Let the Earth Provide. Drainage. Part 2

The same problem raised its head when planning the allotment and constituent elements…water. The area where the field lays is prone to flooding. As mentioned in part 1, drainage was added many years before in order to stem the flow that came from a natural spring. The spring was on another piece of land. As is still the case, everyone helps each other out and so it was the case with the flooding that occurred in the 80’s.

I like to carry out my own work if physically possible. This was a smaller piece of drainage that I decided to dig myself. I find the work enjoyable and the bonus is its healthy exercise. So why was this needed and what should I use to solve the issue. The field in question has an incline. A defence had to be created to protect areas needed to use the land for food and energy. I decided to produce a French drain.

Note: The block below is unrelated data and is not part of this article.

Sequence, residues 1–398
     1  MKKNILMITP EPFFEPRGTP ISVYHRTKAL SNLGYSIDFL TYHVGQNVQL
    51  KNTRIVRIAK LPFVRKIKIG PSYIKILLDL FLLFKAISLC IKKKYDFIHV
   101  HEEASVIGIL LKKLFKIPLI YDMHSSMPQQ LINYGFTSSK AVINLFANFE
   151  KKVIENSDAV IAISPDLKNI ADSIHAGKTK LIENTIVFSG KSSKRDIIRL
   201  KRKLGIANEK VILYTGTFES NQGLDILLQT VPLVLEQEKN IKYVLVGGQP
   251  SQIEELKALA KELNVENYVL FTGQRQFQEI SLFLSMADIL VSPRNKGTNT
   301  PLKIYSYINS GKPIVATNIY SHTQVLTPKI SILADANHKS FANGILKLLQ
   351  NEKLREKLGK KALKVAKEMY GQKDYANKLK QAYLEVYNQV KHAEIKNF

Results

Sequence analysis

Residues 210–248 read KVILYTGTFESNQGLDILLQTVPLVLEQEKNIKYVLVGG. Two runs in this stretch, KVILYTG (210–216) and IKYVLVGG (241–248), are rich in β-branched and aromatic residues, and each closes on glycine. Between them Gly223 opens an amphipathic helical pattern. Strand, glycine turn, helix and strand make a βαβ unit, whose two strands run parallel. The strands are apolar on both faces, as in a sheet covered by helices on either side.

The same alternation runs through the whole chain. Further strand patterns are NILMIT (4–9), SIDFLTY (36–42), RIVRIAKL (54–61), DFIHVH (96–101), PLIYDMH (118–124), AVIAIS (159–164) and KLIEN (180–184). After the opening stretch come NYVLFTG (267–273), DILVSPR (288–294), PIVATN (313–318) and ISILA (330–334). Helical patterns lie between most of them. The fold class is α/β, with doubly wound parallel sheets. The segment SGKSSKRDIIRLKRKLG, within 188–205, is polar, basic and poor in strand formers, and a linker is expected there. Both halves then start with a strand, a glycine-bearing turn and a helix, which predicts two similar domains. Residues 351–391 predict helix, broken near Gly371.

Taking a break while digging the drain

If I was going to make a drain, it did mean digging into clay and gritstone. That part of Yorkshire had movement of large stones in the ice age around 340 million years ago. Millions of years passed and the ice melted, depositing the stones. When I say stones……I mean large, heavy ones that have to be levered out with long pry bars. That did make it hard and slow going. The idea was to dig deep enough to place a pipe and crate within it. As the layer is clay bound it would need the crate to be filled, like a reservoir and that will gradually soak into the soil. It would need a filtering geotex and gravel to make sure to take large amounts of water. This was completed quite a fews years ago and works perfectly to this day.

Here are the contents of the hand dug drain.
The ice age rocks are millions of years in the making
The geotex filtering and gravel can be seen as it protects the pipe and crates.
A gap is left around the edge for gravel to allow water to escape steadily

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